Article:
Costs News

15 October 2020
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News in brief - 15.10.2020

Legal aid assessor roles now open to Costs Lawyers

The Legal Aid Agency is now accepting applications from Costs Lawyers to be independent costs assessors, following discussions with the ACL’s Legal Aid Group.

Panel members carry out most of their work in their office or at home as single assessors, paid at £52 per hour plus reasonable expenses. The appointment will be for up to five years from early 2021.

The deadline is 1 November and all the details can be found here.

Bob Baker, co-chair of the Legal Aid Group, said it had been a very long process to reach this position. “This is another example of the benefit of acquiring Costs Lawyer status and I hope that some of our members will take the opportunity to apply and undertake this important role that we so often see but know relatively little about,” he said. “It is further confirmation that our qualification is equivalent to that of a solicitor or barrister and the ACL members should be rightly proud of this moment of recognition.”


Senior Costs Judge urges legal profession to provide hourly rates data

The Senior Costs Judge, Andrew Gordon-Saker, has urged the profession to provide data to the Civil Justice Council working party reviewing the guideline hourly rates. In a letter to the ACL, the judge said the group has received “useful data” but not that much from the legal profession. He warned: “I think that it is in everybody’s interests that we are able to recommend rates which are capable of being accepted, not only by the Master of the Rolls, but also by the profession and those who will be affected by them. The alternative is that we are left with the 2010 rates and wide inconsistencies of approach as to their continuing relevance and how they should be applied.”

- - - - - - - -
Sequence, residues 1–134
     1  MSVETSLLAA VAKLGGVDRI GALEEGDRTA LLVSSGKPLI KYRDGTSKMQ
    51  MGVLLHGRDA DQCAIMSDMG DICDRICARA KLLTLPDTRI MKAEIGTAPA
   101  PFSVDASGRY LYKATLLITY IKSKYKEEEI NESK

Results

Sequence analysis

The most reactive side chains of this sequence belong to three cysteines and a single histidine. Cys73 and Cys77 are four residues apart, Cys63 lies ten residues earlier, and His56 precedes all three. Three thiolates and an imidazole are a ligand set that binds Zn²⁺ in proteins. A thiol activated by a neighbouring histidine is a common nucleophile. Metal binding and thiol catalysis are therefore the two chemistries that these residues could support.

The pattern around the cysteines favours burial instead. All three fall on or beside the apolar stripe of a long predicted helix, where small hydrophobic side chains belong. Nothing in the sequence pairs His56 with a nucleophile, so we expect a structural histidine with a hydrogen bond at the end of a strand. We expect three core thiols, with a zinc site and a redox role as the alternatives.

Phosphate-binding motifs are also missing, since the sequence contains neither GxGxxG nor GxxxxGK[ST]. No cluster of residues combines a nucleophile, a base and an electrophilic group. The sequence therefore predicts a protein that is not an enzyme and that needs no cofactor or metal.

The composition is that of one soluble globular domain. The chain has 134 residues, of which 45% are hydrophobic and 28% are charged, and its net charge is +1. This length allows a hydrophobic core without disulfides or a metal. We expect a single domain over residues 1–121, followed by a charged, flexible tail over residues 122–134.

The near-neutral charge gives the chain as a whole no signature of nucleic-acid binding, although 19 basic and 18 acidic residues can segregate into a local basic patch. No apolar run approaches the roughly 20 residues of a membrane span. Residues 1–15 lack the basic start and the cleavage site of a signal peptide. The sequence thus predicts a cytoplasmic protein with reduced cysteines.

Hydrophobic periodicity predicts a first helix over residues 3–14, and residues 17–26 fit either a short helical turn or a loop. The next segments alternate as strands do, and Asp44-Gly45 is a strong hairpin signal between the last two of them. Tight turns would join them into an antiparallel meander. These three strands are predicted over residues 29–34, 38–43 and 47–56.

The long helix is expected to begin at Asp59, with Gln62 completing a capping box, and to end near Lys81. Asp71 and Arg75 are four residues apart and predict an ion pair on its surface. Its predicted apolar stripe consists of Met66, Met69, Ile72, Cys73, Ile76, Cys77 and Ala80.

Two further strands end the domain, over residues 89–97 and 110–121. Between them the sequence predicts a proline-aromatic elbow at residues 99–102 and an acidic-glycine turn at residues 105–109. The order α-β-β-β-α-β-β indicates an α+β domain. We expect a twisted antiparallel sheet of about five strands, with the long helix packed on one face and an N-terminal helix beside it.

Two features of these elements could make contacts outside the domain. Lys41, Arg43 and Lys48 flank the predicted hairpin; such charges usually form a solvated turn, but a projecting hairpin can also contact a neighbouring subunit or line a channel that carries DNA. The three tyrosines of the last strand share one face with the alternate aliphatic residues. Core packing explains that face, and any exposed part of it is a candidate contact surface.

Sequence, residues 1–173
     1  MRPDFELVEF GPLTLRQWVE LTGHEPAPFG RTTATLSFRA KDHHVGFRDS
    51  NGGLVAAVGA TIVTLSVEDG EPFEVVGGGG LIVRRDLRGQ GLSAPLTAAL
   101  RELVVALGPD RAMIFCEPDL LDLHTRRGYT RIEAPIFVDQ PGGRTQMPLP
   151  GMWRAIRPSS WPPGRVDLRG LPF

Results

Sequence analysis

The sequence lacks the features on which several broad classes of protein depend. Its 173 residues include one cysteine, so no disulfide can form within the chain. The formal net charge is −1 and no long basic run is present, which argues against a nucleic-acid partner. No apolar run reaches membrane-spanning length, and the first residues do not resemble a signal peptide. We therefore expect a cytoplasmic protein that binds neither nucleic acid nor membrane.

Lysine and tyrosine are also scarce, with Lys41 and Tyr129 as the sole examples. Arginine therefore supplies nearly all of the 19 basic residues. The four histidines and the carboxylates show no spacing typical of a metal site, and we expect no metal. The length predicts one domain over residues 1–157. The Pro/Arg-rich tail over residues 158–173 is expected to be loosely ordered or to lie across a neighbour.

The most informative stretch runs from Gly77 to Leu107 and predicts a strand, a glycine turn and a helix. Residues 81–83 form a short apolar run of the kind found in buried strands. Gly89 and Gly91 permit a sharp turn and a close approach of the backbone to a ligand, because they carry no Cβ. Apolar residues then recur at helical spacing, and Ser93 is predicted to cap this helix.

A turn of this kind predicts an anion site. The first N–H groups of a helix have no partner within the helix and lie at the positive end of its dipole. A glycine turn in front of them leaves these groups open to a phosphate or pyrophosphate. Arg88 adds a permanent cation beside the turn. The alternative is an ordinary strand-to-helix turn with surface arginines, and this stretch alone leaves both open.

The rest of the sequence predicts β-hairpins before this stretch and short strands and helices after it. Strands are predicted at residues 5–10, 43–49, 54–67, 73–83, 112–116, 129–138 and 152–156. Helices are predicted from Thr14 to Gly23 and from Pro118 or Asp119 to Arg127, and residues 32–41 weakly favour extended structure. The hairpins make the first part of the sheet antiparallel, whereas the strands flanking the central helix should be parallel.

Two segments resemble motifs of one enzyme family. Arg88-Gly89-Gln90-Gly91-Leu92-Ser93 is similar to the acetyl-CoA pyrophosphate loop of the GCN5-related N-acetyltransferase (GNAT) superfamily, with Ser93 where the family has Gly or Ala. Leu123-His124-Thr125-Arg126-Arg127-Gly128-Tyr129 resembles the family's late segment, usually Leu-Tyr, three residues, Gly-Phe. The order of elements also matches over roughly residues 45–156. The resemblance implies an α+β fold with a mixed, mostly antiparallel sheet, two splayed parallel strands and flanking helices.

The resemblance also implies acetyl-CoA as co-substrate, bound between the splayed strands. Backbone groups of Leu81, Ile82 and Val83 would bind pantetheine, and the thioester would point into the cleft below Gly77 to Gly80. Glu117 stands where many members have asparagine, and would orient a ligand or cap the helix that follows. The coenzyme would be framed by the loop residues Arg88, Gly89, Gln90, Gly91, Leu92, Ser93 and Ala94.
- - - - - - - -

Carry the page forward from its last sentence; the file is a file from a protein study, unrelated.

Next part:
Master Gordon-Saker said the working group was happy to receive data in relation to assessments/agreements between April 2019 and August 2020 in any format, whether raw or refined. “For assessments/agreements in the current three-month period, there is a specific form, but again we are happy to receive any evidence you may have in any format. In analysing this data, we have the very great benefit of assistance by Professor Paul Fenn and Professor Neil Rickman.”

The details of what to submit and where can be found in our story last month.


Supreme Court refuses to hear case on points of dispute

The Supreme Court has refused permission to appeal Ainsworth v Stewarts Law LLP [2020] EWCA Civ 178.

On second appeal, the Court of Appeal upheld a decision by Senior Costs Judge Andrew Gordon-Saker to dismiss overly generalised points of dispute made on behalf of a former client of London firm Stewarts Law.

The court said points of dispute must help the parties and court “determine precisely what is in dispute and why”.

The Supreme Court said the application to appeal did not raise “an arguable point of law”.


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